So, the moral of this story is that downpipes with diverters are prone to blocking up, and every couple of years it is worth disconnecting them and clearing them out.
Here endeth the lesson!
Sunday, 13 March 2016
Back in August of last year, a kind friend gave me a dozen enormous Araucaria araucana (Monkey Puzzle tree) seeds: they are fully 2" long, probably the biggest seeds I have ever seen.
Having done a little internet research, I decided to germinate them using the ice-cream tub method, so I filled an old ice cream tub with clean new compost, nicely dampened but not soggy, and pushed all 12 seeds into the compost, point first. I then lay the lid on top - but leaving it loose, not clipping it on - put the tub in front of the window, and let it get on with it.
Apparently the idea is to check every week or so by gently lifting one or two of the seeds, to see if they were germinating; if not, to gently replace them in their socket.
I did this as per instructions, week after week after week, until finally, in, in mid November, hooray!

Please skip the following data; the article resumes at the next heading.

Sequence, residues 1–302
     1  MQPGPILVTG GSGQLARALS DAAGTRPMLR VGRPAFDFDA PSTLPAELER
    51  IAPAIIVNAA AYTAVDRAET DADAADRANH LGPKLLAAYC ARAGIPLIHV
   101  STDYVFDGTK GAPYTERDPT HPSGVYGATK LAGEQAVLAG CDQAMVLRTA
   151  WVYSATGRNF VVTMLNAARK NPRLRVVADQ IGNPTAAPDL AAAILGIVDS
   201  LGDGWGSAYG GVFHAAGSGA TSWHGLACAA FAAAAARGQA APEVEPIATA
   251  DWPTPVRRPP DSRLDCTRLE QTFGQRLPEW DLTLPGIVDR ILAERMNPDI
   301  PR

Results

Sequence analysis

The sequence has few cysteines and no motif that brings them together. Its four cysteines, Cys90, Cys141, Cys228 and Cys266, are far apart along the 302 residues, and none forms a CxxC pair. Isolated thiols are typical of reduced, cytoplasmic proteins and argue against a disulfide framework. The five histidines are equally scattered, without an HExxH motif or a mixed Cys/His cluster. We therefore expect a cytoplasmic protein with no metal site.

This means that the seed has successfully germinated, and can now be potted on individually.
Two weeks later, another two had started to produce a root, so they were likewise potted up, and I kept all of them indoors (as it was winter!), planning to put them outside in late spring, once everything has warmed up.
By the end of December, a fourth one was growing well, and in early January a fifth one was ready to be potted up individually.
As you can see, there is still a large green stem going into the seed case: I had assumed that these trees grew like sweet peas - once the case splits off, larger leaves unfold.
However, even though they are all making this strong-looking little sprout at the base, they all still having the thick green stem going into the seed. Is the little sprout the new tree? Or will the seed case yet split open? Ah, the joys of germination.
Being of an inquisitive mind, I cut one of the seeds open at the top, to see if it was now just an empty case, but to my horror it was still a tightly-packed white, fleshy mass. Eek! Have I killed that seedling? Luckily, it does not seem to have noticed, and it is now the largest of the five early ones.
Here's a close-up view of the chopped-off top of the seed, you can see the inner mass is shrinking away from the sides of the seed, but it is still firm, and is certainly not shrivelled up and dead-looking.
So should they be cut off? Are they essential to the seedling? How long will the seedlings need them?